McConnell did not say how long the delay to consider the bill would be extended.
"While John is recovering, the Senate will continue our work on legislative items and nominations and will defer consideration of the Better Care Act". McConnell can only lose two of his own senators, and still be able to pass the bill because a 50-50 tie means Vice President Mike Pence casts the deciding vote.
"I think the longer the bill's out there, the more conservative Republicans are going to discover that it's not repeal". That's because Sens. Rand Paul of Kentucky and Susan Collins of Main previously said they would oppose the bill when it is up for vote.
The additional time is giving opponents a chance to organize more rallies, protests, call-in campaigns, mass emails, door-to-door canvassing and sit-ins at senators' Washington offices to pressure Republicans to vote against the a bill that is already in jeopardy.
The bill has faced criticism from Republican and Democrat governors alike.
"This bill imposes fundamental, sweeping changes in the Medicaid program, and those include very deep cuts that would affect some of the most vulnerable people in our society, including disabled children and poor seniors". "Make sure it is the bipartisan bill that you demanded in 2009".
McCain will spend this week recovering per doctors orders, his office said. Yet it's not certain he will be back by then to support the bill, as his condition may be more serious than thought. Everyone has the right to health insurance, she said. The bill - the majority of which was written behind closed doors - has already been delayed once due to a lack of votes to bring it to the floor.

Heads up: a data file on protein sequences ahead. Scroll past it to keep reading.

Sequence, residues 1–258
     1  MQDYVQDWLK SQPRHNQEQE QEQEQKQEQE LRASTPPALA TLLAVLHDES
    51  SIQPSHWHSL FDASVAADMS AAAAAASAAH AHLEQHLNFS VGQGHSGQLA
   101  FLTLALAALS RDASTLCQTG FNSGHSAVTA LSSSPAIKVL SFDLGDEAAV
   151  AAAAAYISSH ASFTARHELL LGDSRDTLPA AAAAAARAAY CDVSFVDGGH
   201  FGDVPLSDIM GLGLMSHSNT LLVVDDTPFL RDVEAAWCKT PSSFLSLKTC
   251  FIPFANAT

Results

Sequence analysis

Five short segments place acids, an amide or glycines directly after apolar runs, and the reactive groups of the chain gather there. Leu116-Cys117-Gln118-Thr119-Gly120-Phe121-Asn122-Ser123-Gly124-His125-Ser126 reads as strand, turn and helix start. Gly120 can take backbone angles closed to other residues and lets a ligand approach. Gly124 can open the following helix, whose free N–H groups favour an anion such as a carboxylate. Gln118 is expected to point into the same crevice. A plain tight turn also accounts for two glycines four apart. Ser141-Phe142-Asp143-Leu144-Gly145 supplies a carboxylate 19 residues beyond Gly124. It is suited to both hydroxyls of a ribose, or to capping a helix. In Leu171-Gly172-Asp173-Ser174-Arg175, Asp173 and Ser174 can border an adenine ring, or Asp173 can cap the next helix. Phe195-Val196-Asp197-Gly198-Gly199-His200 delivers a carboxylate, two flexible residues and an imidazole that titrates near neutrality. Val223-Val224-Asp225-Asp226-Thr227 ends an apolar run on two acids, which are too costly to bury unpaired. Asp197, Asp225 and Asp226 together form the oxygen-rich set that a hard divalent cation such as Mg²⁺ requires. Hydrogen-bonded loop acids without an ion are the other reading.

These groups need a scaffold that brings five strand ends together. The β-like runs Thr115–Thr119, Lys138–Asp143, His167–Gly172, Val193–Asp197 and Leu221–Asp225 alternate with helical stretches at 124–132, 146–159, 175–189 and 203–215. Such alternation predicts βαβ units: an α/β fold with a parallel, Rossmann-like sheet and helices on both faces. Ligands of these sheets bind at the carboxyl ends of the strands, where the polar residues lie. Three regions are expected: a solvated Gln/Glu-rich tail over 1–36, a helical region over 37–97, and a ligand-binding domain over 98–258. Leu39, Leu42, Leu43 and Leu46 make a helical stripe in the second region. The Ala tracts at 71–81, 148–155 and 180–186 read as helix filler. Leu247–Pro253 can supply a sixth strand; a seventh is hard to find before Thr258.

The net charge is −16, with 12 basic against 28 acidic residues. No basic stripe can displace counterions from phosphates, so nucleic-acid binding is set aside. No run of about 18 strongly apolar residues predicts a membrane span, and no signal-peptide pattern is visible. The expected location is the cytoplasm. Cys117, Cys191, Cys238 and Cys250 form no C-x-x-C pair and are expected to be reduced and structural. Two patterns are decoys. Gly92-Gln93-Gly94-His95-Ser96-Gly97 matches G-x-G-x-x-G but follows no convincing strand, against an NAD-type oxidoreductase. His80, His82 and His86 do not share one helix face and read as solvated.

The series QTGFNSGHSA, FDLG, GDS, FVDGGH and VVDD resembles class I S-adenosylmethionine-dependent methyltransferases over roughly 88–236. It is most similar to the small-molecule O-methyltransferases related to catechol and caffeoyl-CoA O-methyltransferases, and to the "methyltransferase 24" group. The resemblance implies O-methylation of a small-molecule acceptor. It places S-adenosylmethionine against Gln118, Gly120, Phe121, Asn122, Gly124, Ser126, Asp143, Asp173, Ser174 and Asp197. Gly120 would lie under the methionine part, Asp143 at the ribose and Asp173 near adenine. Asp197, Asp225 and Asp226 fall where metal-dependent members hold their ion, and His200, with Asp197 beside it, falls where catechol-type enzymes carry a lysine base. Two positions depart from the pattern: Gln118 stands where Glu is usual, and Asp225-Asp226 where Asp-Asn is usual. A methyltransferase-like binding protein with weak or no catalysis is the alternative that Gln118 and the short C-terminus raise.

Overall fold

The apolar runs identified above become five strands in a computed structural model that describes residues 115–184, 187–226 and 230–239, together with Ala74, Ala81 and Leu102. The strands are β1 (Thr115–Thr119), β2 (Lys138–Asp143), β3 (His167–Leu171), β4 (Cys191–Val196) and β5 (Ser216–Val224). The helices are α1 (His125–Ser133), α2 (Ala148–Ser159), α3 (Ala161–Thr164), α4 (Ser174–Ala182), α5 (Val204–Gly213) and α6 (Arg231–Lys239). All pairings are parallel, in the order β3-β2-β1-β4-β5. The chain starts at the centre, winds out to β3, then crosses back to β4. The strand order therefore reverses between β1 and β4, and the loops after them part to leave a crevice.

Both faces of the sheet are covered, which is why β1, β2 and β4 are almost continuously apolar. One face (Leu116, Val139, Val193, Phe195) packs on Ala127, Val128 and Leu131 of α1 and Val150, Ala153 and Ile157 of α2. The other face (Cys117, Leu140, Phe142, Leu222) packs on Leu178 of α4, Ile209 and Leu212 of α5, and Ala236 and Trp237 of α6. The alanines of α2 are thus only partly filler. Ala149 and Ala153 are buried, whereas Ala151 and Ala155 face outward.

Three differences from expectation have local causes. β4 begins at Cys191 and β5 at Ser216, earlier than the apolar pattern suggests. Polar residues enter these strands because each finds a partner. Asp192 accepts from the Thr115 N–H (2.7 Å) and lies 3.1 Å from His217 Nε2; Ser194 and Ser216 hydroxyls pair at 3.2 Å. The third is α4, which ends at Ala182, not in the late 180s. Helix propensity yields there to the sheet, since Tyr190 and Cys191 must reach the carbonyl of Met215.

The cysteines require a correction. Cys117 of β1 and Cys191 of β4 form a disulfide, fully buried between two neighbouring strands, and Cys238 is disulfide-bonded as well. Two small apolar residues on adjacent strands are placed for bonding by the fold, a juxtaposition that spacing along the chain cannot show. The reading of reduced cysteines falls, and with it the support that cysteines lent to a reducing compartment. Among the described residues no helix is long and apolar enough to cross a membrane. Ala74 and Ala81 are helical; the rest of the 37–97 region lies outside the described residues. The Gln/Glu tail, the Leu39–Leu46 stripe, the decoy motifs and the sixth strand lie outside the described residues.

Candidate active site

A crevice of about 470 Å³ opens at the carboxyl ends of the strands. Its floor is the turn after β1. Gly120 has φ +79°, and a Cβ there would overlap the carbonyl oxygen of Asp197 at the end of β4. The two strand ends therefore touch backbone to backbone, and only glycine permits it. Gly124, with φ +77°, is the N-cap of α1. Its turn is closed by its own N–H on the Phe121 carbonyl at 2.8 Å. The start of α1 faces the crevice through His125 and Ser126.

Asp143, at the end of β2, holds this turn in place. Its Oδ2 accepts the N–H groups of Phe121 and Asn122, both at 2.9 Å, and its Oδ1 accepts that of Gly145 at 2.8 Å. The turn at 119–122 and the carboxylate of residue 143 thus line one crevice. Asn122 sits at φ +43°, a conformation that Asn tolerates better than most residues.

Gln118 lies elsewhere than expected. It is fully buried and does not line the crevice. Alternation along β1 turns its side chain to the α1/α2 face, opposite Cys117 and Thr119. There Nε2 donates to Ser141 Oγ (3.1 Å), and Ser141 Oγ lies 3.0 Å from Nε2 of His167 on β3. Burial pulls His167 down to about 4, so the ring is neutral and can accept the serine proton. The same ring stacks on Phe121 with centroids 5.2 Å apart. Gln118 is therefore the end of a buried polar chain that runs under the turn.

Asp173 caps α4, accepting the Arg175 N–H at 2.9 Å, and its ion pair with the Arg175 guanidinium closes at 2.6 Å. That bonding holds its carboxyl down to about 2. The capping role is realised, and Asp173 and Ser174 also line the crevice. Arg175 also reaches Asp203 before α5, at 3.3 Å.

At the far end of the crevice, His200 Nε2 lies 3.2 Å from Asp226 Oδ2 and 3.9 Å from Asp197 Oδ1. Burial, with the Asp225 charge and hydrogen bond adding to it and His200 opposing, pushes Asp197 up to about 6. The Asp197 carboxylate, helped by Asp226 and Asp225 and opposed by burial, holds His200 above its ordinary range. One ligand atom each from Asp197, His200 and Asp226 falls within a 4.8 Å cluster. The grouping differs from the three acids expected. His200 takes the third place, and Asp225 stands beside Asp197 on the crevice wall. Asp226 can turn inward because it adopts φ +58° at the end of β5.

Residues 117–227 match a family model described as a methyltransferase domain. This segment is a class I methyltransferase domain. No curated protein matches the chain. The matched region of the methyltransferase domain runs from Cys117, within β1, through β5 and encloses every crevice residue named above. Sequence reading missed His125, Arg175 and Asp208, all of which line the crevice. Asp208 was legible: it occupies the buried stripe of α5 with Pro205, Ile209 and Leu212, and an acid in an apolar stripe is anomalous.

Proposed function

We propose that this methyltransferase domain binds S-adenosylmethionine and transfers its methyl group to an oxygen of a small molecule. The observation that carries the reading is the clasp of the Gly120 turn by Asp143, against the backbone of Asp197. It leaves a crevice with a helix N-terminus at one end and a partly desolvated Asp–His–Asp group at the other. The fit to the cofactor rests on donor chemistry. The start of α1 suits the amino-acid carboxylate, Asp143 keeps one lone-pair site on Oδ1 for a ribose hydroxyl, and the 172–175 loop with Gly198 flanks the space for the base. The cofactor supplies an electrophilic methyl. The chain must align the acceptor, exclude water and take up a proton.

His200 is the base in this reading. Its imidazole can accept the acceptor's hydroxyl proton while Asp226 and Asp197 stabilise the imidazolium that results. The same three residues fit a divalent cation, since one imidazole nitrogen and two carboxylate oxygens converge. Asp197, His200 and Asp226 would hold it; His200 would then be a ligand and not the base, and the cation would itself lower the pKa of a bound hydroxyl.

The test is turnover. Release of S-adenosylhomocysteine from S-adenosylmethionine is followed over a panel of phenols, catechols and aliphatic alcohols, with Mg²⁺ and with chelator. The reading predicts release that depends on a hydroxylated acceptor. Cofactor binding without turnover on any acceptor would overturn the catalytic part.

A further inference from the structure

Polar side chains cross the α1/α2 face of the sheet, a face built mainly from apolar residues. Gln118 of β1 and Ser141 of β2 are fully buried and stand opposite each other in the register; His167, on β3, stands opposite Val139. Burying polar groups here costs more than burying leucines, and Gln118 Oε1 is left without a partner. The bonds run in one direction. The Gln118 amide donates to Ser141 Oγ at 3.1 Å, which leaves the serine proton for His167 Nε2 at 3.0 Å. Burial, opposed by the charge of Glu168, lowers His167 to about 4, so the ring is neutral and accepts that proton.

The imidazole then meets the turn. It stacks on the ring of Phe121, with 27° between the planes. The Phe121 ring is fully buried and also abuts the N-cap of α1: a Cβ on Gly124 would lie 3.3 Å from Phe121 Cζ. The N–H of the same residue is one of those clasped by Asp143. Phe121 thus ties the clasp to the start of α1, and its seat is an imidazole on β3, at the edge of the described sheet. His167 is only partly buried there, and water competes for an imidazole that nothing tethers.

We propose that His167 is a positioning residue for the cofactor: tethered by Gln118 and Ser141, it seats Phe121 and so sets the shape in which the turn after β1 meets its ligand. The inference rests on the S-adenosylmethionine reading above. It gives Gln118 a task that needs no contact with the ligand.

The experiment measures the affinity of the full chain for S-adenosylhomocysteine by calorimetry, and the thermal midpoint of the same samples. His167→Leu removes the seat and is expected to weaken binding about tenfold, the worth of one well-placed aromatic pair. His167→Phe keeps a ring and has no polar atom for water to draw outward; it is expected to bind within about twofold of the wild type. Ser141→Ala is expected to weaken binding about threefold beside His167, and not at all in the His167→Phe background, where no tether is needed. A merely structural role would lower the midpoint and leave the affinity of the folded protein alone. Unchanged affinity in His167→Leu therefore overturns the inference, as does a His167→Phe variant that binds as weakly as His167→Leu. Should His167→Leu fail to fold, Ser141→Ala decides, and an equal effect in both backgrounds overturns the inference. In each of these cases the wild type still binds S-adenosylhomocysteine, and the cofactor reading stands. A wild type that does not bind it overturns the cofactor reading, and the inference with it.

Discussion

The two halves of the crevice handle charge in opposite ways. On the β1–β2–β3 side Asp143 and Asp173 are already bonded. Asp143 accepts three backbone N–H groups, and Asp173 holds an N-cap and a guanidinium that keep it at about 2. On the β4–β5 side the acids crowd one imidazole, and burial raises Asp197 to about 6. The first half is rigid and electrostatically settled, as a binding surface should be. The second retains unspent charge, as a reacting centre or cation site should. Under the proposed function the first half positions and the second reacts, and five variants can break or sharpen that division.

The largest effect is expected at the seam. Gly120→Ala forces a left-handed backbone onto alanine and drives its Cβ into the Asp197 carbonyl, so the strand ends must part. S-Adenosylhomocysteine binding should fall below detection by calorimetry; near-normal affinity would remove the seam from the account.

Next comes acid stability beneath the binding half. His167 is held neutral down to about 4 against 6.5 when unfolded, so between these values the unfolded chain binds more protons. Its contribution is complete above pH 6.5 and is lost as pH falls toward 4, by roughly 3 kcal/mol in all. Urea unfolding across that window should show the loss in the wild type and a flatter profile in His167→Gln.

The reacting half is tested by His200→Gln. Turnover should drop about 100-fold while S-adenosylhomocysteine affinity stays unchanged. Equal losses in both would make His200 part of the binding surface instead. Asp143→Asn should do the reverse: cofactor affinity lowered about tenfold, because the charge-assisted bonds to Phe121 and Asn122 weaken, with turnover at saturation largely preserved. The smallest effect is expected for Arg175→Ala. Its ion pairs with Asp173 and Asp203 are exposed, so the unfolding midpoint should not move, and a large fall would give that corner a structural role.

With death comes rebirth, so we could begin to think again about universal health care coverage for Americans, which both parties advocate, at least rhetorically (Republicans, access; Democrats, actual care).
"The current system is awful", Paul said on Fox News Sunday. "In the meantime, Cheryl and I extend our best wishes to John, Cindy and the entire McCain family and pray for his speedy recovery".
CBO's score of the original plan projected that 22 million more people would without health insurance over the next decade.
The statement read that McCain is "resting comfortably at home and is in good condition". He previously had three other malignant melanomas removed, on his left shoulder, left arm and left nasal wall (removed in 1993, 2000 and 2002 respectively).
President Trump, for his part, even admitted last week that striking an agreement on health care reform an nearly impossible challenge to overcome.
Doctors now are waiting for the results of a tissue pathology analysis to determine more information about the blood clot, McCain's office said, adding they will release more details as information becomes available.